Marilyn & Joe
By Mat Wilson
Preserving Their Legacy.
When Monroe divorced Arthur Miller, she was physically and mentally exhausted over a series of personal and professional setbacks that included feeling guilty over the sudden death of Clark Gable, and on February 4, 1961, she was admitted by her psychiatrist, Dr. Marianne Kris, into Manhattan's Payne-Whitney Clinic and placed in the ward for the most seriously disturbed. Joe DiMaggio's biographer described the experience in the following terms:
On February 6, 1961, her psychiatrist, Dr. Marianne Kris drove over to the Cornwell university's medical centre on New York's east side where Marilyn checked herself in for a rest. Immediately she was taken to the Payne Whitney Psychiatric division, where she was locked into a cell on a ward for truly psychotic patients, her screams of protest, her demands to be released were ignored or taken as evidence of her sickness. When she broke the payne of glass in her locked bathroom door, she was threatened with restraint and watched day and night. For Marilyn this was the worst fear of her life come true, she was locked away like her mother, a prisoner in a loonie bin. After three days, when she was finally permitted one call, she phoned to Florida. she called Joe DiMaggio. He was there the next day, at the Payne Whitney reception desk, six feet, one-and-a-half inches tall, wide at the shoulders, glowering darkly, and in no mood for talk. "I want my wife" DiMaggio said. No one pointed out to him that he and Marilyn Monroe had not been married for the last 6 years. Instead they tried to tell him that they had no authority to release Miss Monroe, to him or to anyone else."I want my wife" Joe DiMaggio said, with menacing precision. His large hands gripped the reception desk. "And if you do not release her to me, I will take this place apart, piece of wood by piece of wood." Suddenly, the Payne Whitney staff discovered that Miss Monroe was free to go. Joe had his wife transferred to another hospital, Columbia Presbyterian, where she could have a real rest, in a normal, private room which he would visit daily, and which he would fill with roses.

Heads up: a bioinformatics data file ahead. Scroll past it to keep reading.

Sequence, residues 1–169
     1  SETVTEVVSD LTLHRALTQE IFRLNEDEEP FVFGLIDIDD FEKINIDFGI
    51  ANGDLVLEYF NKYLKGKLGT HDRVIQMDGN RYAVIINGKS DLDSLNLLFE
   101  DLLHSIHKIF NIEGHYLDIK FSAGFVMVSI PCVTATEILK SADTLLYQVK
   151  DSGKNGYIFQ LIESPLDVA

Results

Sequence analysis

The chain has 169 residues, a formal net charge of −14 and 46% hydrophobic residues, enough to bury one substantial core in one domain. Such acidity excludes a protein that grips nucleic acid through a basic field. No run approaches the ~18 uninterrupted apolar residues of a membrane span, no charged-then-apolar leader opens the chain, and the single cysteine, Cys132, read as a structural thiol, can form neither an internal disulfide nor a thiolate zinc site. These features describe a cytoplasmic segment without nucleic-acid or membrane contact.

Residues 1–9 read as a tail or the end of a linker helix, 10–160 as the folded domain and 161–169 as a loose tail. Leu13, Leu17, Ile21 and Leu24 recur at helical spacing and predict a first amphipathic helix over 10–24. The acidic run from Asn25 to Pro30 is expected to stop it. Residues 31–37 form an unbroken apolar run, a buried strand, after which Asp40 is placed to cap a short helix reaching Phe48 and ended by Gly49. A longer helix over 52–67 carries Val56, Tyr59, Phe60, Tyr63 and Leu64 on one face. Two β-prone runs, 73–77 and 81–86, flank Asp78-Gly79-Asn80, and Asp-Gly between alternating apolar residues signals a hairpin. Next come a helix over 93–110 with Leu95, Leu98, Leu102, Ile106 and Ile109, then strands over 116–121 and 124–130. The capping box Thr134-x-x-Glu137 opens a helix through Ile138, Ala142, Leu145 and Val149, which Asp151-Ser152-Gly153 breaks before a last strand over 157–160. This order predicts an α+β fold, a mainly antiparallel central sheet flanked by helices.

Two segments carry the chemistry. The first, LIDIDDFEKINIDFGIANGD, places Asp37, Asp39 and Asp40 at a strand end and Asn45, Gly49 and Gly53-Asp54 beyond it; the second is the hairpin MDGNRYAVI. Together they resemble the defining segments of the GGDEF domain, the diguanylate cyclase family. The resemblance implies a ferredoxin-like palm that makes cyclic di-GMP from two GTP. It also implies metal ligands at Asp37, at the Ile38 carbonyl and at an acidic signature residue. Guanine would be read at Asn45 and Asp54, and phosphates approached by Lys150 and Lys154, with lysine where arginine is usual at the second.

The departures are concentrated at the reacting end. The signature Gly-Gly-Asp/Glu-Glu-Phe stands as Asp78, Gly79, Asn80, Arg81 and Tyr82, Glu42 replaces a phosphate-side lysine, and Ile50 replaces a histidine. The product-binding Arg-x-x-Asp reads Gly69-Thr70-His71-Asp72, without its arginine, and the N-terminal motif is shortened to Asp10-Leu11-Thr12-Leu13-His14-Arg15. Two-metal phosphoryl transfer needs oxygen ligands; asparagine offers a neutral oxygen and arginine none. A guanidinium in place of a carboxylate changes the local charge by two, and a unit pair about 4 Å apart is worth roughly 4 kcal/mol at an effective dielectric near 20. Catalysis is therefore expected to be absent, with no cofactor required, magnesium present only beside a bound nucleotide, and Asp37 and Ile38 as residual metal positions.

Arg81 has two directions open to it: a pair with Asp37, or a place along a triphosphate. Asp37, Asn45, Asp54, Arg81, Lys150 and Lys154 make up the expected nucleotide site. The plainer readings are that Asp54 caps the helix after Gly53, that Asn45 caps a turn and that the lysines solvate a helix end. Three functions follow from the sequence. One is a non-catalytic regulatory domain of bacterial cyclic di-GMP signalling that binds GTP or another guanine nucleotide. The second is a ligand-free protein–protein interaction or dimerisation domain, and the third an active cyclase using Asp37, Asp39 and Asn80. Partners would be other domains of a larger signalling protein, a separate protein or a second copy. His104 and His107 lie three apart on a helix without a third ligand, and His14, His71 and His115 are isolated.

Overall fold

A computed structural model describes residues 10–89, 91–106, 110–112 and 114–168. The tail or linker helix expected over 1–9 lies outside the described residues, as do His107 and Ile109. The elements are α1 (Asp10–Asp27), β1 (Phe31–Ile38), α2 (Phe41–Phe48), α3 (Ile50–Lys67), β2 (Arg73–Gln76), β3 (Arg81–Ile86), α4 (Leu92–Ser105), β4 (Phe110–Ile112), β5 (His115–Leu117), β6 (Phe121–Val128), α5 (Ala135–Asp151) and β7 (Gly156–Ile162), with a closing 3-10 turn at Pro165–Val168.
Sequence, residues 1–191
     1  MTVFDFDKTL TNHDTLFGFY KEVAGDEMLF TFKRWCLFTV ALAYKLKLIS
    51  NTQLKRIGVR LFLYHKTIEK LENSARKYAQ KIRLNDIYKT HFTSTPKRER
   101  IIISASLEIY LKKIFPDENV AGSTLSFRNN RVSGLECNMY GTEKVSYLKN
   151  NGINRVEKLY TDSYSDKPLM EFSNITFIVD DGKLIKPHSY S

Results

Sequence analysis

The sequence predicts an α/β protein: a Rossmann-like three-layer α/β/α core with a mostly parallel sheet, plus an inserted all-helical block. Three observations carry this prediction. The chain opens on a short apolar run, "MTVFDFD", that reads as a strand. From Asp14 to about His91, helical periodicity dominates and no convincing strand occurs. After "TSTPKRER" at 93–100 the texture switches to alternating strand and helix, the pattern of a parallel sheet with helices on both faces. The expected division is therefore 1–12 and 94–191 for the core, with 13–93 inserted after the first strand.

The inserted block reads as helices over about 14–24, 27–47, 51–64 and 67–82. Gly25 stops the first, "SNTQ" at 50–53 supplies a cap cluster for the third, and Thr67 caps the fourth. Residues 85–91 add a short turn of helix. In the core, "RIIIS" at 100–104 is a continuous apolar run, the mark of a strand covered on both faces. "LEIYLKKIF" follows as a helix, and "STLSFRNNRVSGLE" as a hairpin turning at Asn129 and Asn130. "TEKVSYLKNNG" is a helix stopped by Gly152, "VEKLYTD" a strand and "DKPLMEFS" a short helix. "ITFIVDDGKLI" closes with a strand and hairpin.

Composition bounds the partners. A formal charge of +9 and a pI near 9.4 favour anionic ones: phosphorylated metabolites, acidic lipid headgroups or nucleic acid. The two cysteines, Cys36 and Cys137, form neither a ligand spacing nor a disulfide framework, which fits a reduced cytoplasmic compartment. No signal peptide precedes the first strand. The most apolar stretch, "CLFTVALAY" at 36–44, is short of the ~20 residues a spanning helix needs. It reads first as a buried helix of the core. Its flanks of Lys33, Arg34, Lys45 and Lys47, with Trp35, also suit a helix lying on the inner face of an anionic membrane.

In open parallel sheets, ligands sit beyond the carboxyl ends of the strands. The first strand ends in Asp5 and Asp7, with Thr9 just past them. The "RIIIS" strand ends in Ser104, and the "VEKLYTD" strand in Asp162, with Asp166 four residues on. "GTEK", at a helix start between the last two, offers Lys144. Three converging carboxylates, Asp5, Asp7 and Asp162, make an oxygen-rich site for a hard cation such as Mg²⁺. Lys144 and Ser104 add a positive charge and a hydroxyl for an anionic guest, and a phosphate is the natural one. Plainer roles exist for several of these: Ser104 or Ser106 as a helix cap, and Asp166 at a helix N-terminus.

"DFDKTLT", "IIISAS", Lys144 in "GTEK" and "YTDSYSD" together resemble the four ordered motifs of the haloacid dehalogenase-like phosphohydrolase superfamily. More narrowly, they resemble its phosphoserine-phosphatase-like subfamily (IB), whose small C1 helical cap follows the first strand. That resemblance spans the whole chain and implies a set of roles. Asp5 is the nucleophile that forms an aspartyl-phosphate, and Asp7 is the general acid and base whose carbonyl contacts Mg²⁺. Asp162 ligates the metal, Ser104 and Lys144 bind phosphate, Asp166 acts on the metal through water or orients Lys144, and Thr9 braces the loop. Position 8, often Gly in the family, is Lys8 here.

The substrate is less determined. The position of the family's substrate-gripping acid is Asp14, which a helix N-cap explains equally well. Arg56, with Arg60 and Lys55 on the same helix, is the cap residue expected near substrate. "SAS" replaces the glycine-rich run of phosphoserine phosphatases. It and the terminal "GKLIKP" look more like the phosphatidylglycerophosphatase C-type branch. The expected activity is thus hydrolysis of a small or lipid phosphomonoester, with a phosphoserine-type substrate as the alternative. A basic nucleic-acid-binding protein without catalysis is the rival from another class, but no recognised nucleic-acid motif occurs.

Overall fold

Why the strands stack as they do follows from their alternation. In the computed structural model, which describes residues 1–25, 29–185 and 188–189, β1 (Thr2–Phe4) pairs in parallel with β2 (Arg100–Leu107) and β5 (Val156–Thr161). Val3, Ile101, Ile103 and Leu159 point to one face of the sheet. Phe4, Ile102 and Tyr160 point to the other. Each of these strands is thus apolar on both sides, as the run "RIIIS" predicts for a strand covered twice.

Marilyn Monroe endured six days of hell before Joe DiMaggio got her out. She was forced to claw and to scream in agony until Joe DiMaggio rescued her. If he hadn't, the psychiatric profession, on the urging of J. Edgar Hoover, would have destroyed her the way it destroyed Hemingway's life. Marilyn's pleas to escape her psychological tormentors fell on deaf ears. Fortunately, she was released before shock therapy destroyed her the way it did Hemingway.
There is no excuse for tormenting Hemingway and Monroe the way that they were, and in particular, Hemingway was supposed to have been treated for liver disease, he was not the psychotic that J. Edgar Hoover proved to be.
Hoover's FBI manipulated psychiatrists in effort to destabilize their targets and the police state that J. Edgar Hoover produced was as treacherous as any Soviet Gulag. According to former FBI agent, Gordon Liddy, illegal FBI operations were always staged in a manner that made it appear as though the FBI was absolutely blameless. in retrospect, the ease in which they influenced the psychiatrists who tortured Hemingway and Monroe is absolutely shocking.
The FBI carefully monitored Hemingway's treatment at the Mayo clinic and "a letter from special agent in Minneapolis to J. Edgar Hoover on January 13, 1960 reported that Hemingway had secretly entered the Mayo Clinic and the FBI knew about his treatment." Indeed "the FBI had, in fact, tracked Hemingway to the walls of the Mayo Clinic and discussed his case with his psychiatrist." At the Mayo Clinic, Hemingway was given a series of electric shocks to the brain.
Likewise, the false determination that Marilyn Monroe was depressed enough to kill herself is a myth that does not merit any credibility at all.
If all this sounds like science fiction, it is probably time for you to read